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Ford began using the Country Squire name to designate the top trim level of its biggest station wagon models back in the 1950 model year, with Country Squire production continuing all the way through the last of the squared-off Ford LTD Crown Victorias in 1991. All Country Squires had wood (1950-1951) or “wood” (1952-1991) body trim, and so many were sold that “Country Squire” became the generic name for any big Detroit wagon for a large chunk of the American population. Today’s Junkyard Gem is an example of the early Panther-platform Country Squire, found in a self-service yard in Sparks, Nevada last month.

The Country Squire name was used on feature-laden wagons based on the Ford Galaxie and LTD sedans for most of its production career. Things in the LTD world got a bit confusing starting in the late 1970s, however, when Dearborn put LTD II badges on Torino-based midsize cars while downsizing the big LTD. Then the LTD name went on a luxed-up Fox-Platform Fairmont starting in the 1983 model year, with the big Panther LTDs becoming LTD Crown Victorias. The Country Squire name always went on the biggest vehicle bearing LTD badges in a given year (though the “Squire” name also got appended to lesser wagons over the years). Just to confuse everyone even more, Ford called some lower-spec full-size wagons “Country Sedans” for a while.

So, this wagon is an LTD Country Squire. Starting in the 1983 model year, it became the Crown Victoria Country Squire. In 1981, Ford shoppers could get a plain LTD wagon as well.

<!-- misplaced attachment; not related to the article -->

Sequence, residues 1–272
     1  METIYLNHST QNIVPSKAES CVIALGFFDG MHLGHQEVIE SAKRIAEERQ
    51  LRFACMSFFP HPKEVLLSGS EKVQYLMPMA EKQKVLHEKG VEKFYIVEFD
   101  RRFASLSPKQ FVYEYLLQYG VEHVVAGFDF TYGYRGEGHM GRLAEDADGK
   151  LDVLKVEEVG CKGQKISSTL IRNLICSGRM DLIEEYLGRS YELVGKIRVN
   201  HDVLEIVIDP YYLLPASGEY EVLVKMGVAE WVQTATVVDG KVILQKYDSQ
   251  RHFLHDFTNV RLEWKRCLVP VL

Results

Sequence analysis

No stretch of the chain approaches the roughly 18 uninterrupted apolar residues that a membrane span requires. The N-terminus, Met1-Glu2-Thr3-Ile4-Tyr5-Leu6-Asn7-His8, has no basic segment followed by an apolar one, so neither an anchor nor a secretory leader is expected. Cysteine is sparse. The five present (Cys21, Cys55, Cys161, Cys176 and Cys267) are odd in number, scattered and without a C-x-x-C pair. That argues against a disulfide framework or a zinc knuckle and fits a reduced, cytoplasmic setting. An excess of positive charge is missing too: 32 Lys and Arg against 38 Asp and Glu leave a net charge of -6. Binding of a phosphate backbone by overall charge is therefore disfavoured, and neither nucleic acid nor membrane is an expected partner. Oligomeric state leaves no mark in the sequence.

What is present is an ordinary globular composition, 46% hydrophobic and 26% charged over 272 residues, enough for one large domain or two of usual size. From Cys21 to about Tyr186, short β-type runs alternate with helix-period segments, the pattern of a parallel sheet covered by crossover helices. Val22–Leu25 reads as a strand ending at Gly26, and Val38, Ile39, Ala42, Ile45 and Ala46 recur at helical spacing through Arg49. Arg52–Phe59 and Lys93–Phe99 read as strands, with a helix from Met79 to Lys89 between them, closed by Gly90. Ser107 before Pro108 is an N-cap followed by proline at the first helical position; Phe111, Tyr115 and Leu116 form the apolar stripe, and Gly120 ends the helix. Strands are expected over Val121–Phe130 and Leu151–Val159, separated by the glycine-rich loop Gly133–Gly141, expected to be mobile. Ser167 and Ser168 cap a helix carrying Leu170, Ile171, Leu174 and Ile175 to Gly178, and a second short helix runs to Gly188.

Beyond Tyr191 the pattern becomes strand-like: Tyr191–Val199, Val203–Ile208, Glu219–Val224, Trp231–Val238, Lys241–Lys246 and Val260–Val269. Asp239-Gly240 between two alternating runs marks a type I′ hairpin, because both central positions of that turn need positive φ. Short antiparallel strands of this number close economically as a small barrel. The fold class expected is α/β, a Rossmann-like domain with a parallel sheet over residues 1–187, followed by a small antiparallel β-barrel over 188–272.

Station wagons were on the way out in the early 1980s, though few realized it at the time. It would take some time before minivans and SUVs really started kidney-punching wagon sales in the United States, though, so Ford offered three sizes of longroof (plus their Mercury counterparts) for the 1981 model year: the big LTD, the compact Fairmont, and the subcompact Escort

Since I’m a member of the early Generation X demographic, with a 1970s childhood full of gas lines and generally diminished expectations compared to the Boomers who preceded me, I rode in plenty of Malaise Era Country Squires as a kid. However, my family never rolled in a Country Squire, or any wagon for that matter; my parents had a 3/4-ton Chevy Sportvan Beauville, with a pair of Fiat 128s thrown in just to teach us a lesson about the fallibility of human endeavor.

This car is loaded up with pricey options, including the biggest available engine you could get in a 1981 LTD: the 351 Windsor (aka 5.8-liter) V8, rated at 145 horsepower and 270 pound-feet. The base LTD engine that year was the long-forgotten 255-cubic-inch (4.2-liter) Windsor, rated at 115 horses. Curb weight wasn’t as high as you might think, with this car scaling in at 3,737 pounds.

The 5.8 added $139 to the LTD Country Squire’s $8,775 price tag, or about $476 extra on a $30,028 car when reckoned in 2022 dollars. The air conditioning cost an additional $624 ($2,135 today). A four-speed automatic with overdrive was the only transmission available.

The paint is Light Pewter Metallic, which cost an additional $63 ($216 now).

Under the license plate’s mounting area, you can see what the “wood” siding looked like before it endured 41 years of sun.

The dirt, lichens and vegetation built up on this car suggests that it spent years or decades parked outside.

It has remote outside mirrors but not power windows. Hey, power windows would have cost $215 ($736 today) extra on this car!

The build tag says this car was built at Louisville Assembly, where Ford Escapes and Lincoln Corsairs are made today. It was sold new through the St. Louis district sales office.

That means it probably spent at least the early part of its life in the Midwest. Here’s another clue to its origins.

Production of this generation of Country Squire continued all the way through 1991; the Crown Victoria that debuted in 1992 had no wagon version.

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